It’s increasingly likely that if you need certain surgeries or procedures, you’ll go to an outpatient facility rather than a hospital.
But the quality of care at these facilities has long been a well-kept secret because they don’t have to publicly report whether patients were harmed or received inappropriate care.
In California, which has several thousand of these outpatient settings, it is even difficult to know who has official oversight, let alone whether the center was inspected and whether it meets requirements for accreditation or federal reimbursement.
Brenda Klütz, former director of the California Department of Public Health’s Licensing and Certification Division, recently authored a scathing report on the current system.
“I really want quality of care to be transparent … but this system drives me nuts,” Klütz said.
“Consumers need to know about compliance history and quality of care, and that regulatory standards are different, depending on the setting,” she said. “How can they get this information? The answer is, right now they can’t.”
That is about to change, at least in part. Provisions in the Affordable Care Act of 2010 require that some quality information be made available for about 5,400 ambulatory surgical centers approved to receive Medicare reimbursement nationally — including at least 35 in San Diego County. These are facilities for surgeries and procedures that typically do not require an overnight stay.
The federal Centers for Medicare & Medicaid Services, or CMS, said that later this month it will release eight new quality scores for these facilities. The Ambulatory Surgical Center Quality Collaboration, an industry trade group, reports a national average for some measures based on voluntary reporting from some facilities, whose overall scores are shown in parentheses below. Some centers’ rates will be much higher, and some zero.
- Patient burns (.024 per 1,000)
- Patient falls (.122 per 1,000)
- Patients who underwent surgery on the wrong site or wrong side; surgery that was performed on the wrong patient; and patients who underwent the wrong procedure or received the wrong implant (.035 per 1,000)
- Patients who required transfer from the facility to a hospital (.998 per 1,000)
- Patients who did not receive intravenous antibiotics within an appropriate timeframe to prevent infection (10 per 1,000)
- The percentage of health care workers who received an influenza vaccination.
- Two measures intended to show overutilization of colonoscopies, which carry higher risks in older people. These measures reflect whether patients had a follow-up colonoscopy within appropriate intervals, which is at least 10 years for those who had a normal prior colonoscopy and at least three years for someone who had a polyp finding.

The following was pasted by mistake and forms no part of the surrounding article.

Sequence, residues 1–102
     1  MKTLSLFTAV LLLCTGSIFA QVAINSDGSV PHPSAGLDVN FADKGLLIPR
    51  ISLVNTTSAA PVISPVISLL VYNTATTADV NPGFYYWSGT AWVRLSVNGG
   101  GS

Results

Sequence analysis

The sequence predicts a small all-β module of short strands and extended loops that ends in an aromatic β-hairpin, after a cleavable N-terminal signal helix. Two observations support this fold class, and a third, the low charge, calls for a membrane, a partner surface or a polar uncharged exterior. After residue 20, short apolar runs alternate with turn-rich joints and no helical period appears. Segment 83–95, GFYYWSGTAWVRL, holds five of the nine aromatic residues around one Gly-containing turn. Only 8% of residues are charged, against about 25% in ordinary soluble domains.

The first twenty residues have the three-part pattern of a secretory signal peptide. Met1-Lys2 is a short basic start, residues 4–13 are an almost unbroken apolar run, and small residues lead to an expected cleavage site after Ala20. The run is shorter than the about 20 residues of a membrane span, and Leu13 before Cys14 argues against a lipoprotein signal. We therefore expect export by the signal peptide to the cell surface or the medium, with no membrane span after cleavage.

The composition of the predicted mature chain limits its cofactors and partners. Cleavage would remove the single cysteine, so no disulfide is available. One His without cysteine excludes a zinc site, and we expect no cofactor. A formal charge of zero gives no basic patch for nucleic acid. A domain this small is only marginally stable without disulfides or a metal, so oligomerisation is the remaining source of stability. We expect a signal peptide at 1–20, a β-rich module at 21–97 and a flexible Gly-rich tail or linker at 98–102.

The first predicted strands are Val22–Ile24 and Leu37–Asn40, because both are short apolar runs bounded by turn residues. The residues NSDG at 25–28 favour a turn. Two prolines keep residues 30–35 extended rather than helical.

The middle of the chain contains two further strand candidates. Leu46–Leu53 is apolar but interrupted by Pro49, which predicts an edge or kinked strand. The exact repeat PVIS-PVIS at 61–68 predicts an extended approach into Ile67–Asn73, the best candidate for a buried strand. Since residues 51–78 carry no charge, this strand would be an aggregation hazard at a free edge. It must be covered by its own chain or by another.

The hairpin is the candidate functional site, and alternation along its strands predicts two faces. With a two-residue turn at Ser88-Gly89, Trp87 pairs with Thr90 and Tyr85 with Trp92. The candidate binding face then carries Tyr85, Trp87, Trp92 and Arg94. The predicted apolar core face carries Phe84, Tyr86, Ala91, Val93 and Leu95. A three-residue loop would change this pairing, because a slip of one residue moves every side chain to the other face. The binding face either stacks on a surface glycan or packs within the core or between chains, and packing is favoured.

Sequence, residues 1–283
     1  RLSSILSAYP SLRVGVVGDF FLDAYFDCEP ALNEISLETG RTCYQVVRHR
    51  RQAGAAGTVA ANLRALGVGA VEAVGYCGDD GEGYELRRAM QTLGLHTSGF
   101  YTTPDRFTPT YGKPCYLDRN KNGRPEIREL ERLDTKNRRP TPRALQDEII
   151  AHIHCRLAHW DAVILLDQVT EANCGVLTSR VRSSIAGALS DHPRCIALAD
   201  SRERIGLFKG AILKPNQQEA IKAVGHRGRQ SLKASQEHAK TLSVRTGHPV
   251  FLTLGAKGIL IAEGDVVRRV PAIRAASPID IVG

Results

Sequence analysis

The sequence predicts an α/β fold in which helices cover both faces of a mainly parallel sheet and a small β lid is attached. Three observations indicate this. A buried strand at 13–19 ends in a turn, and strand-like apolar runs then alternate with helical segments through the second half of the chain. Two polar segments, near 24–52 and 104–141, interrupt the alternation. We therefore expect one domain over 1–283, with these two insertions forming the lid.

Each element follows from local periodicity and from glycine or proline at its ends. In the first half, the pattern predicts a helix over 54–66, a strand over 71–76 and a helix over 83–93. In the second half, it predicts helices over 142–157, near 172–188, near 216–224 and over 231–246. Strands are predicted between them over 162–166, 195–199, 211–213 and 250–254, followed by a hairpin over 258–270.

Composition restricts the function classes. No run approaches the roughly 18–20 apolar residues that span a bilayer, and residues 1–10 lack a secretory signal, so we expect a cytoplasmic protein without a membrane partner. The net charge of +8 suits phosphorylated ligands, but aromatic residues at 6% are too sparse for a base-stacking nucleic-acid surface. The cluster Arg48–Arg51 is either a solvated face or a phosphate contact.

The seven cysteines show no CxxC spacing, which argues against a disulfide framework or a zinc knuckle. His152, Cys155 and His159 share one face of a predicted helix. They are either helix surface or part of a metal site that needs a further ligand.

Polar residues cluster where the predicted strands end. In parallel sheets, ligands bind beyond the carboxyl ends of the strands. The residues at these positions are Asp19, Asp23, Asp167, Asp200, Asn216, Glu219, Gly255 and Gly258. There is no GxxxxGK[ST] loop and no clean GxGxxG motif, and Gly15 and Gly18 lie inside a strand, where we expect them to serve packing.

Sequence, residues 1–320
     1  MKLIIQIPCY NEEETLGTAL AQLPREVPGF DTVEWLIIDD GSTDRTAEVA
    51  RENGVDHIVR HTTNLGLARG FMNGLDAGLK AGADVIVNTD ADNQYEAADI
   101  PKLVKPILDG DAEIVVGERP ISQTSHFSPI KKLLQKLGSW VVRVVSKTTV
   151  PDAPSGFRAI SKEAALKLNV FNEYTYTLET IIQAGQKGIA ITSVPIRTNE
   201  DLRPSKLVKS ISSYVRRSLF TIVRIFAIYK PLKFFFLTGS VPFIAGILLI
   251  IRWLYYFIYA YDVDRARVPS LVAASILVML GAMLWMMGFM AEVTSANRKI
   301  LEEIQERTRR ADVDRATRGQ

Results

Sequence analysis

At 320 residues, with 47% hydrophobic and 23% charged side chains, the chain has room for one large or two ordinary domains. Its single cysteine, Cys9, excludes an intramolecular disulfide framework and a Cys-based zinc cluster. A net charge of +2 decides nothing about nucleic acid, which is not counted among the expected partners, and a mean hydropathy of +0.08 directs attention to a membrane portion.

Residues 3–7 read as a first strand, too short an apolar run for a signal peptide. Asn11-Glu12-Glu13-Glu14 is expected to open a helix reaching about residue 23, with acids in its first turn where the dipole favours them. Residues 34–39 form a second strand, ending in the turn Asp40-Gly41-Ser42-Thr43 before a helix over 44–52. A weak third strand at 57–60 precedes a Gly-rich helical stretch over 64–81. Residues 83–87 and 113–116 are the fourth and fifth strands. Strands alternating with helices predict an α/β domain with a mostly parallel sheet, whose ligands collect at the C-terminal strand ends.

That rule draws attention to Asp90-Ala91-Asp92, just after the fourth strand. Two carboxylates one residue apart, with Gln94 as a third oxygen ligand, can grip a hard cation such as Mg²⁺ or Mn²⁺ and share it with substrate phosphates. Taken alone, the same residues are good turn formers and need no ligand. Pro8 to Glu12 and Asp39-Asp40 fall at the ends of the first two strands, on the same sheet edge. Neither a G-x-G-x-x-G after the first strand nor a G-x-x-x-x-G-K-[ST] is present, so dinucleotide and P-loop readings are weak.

“For so long, so much in the health care system has been behind the curtain, not even known to the people who are doing the work,” said Dr. Harlan Krumholz, director of the Yale Center for Outcomes Research & Evaluation, which developed some of the measures under contract with CMS. The surgery centers “are a big area in the system that’s avoided much scrutiny, and it’s time to understand its level of performance.”
Added David Hopkins, senior adviser to the Pacific Business Group on Health in San Francisco: “CMS is so serious about this (because) so much surgery has moved outpatient, to ASCs. That’s why this is so important. It’s time for ambulatory surgical centers to be held accountable for their outcomes, just like hospitals are.”
Surgery center facts
• In 2014, 3.4 million Medicare beneficiaries received care in more than 5,400 ambulatory surgical centers nationally, at a cost of $3.1 billion to the federal government.
• Medicare has approved about 3,500 types of procedures for payment when they are performed in an ambulatory surgical center.
• The number of centers grew between 1.5 percent and 1.9 percent per year from 2009 to 2014, or between 76 and 103 facilities a year.
• From 2009 to 2013, Medicare payments to ambulatory surgical centers paid under fee-for-service contracts increased 2.6 percent per year, and 3.1 percent in 2014.
• Medicare does not require cost data from ambulatory surgical centers as it does from hospitals. The federal Medicare Payment Advisory Commission recommends that the data should be submitted.
• Ambulatory surgical centers are increasingly performing more difficult procedures, which have been migrating from inpatient settings.
• The California Business and Professions Code requires that whenever a patient is referred to a surgical center in which a physician or the physician’s immediate family has a significant beneficial interest, defined as 5 percent or $5,000, that interest must be disclosed either in writing or through the posting of a conspicuous sign in an area likely to be seen by all patients who use the facility.
Consumers will be able to tell a lot, for example, from statistics that show how often a patient needed to be transferred from a surgery center to a hospital, said Leah Binder, president and CEO of the Leapfrog Group, which annually publishes hospital safety scores. The rate of transfers to hospitals may indicate that physicians had poor oversight of patient suitability for care in an outpatient facility or had little oversight of the competency of those doctors allowed to practice there.
“The center that treated Joan Rivers is the perfect example of why we need these numbers,” Binder said. “She didn’t die at the ASC, she died in a hospital after being transferred.” That center, Yorkville Endoscopy in Manhattan, was denied Medicare reimbursement and lost its accreditation last year, although it apparently is re-approved.
Quality reporting for ambulatory surgical centers will in some ways be a moment of truth, said Jim Lott, former executive vice president of the California Hospital Association who is now a health care consultant and professor. “It definitely will put a crimp on their marketing. And it will level the playing field a little bit in the competition between hospitals and ASCs.”